To determine what discoveries are still associated with a computer – helpful in finding old stale computer objects in the console that are no longer agent managed, or desired.

select BME.FullName, DS.DiscoveryRuleID, D.DiscoveryName from typedmanagedentity TME
Join BaseManagedEntity BME ON TME.BaseManagedEntityId = BME.BaseManagedEntityId
JOIN DiscoverySourceToTypedManagedEntity DSTME ON TME.TypedManagedEntityID = DSTME.TypedManagedEntityID
JOIN DiscoverySource DS ON DS.DiscoverySourceID = DSTME.DiscoverySourceID
JOIN Discovery D ON DS.DiscoveryRuleID=D.DiscoveryID
Where BME.Fullname like ‘%ComputerName%’

change computername to yours.

Categories: SQL Queries

Security Risk of Enabling Agent proxy

March 29, 2010 Leave a comment

This was a great post by Dan Rogers on the potential security risks of enabling Agent Proxy:

Dan Rogers:
If someone can get you to import a management pack, and that management pack discovers classes and assigns them to another server, then the potiential exists that you have been duped into running a managment pack rule that you thought was safe.

It’s a subtle internal social engineering attack – so there is a warning on the enable proxy box and we took steps to make it not easy to skip that warning.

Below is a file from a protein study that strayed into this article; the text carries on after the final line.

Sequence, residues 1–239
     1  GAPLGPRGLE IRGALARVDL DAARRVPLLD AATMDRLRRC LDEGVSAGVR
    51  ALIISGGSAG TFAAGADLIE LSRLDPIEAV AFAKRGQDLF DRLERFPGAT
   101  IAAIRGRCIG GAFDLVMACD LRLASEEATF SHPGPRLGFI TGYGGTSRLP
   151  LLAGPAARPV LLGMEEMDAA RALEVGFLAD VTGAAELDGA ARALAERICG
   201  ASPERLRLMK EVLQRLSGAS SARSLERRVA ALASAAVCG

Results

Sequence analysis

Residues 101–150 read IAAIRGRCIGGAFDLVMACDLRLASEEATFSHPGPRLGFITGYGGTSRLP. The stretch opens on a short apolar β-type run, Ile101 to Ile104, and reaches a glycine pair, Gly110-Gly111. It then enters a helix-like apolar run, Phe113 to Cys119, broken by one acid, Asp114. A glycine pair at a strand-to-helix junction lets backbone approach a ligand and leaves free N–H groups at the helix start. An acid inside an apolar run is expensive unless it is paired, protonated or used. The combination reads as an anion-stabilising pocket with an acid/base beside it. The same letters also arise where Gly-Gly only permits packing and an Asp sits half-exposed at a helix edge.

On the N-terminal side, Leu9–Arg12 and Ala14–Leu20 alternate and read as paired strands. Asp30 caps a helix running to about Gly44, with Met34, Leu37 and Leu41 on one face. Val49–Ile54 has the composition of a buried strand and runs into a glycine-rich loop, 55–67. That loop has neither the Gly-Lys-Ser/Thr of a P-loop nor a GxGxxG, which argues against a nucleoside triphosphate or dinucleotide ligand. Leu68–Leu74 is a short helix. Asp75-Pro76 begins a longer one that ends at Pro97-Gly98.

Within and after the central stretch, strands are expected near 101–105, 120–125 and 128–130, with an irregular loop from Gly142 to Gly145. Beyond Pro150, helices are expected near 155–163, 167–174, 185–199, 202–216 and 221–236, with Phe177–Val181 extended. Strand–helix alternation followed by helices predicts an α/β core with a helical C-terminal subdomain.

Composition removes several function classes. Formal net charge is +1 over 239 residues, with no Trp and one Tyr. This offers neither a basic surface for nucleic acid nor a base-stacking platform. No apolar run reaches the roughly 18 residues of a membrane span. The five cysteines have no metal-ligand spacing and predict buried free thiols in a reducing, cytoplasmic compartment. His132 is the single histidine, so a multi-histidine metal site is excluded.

That said, nearly every management pack that is coming in the future will not function adequately or at all if proxy isn’t enabled. This is because management packs are becoming sophisticated in the way they project health states in products that inherently have multiple server roles. When a management pack creates a roll-up tree in a diagram view, it typically will need proxy enabled.

The decision to enable proxy comes with a great responsibility – that is to always be sure you TRUST with absolute certainty, the source you got that management pack from. Since the proxy-enabled attack is most likely to come from inside your company, you may want to put a process in place (like we have at MSFT) to design-check every management pack before it is ready to be used in production environments.

Maintenance Mode Process Flow

March 29, 2010 Leave a comment

Another one pulled from a post by Kevin Holman on the technet forums which explains the process of setting maintenance mode/

Kevin Holman:

You put an agent in MM which is a call to the SDK to trigger MM for an agent.

A config update is recalculated and sent to that agent.

The agent gets the config update, which has instructions to unload its workflows targeting classes that were placed into MM.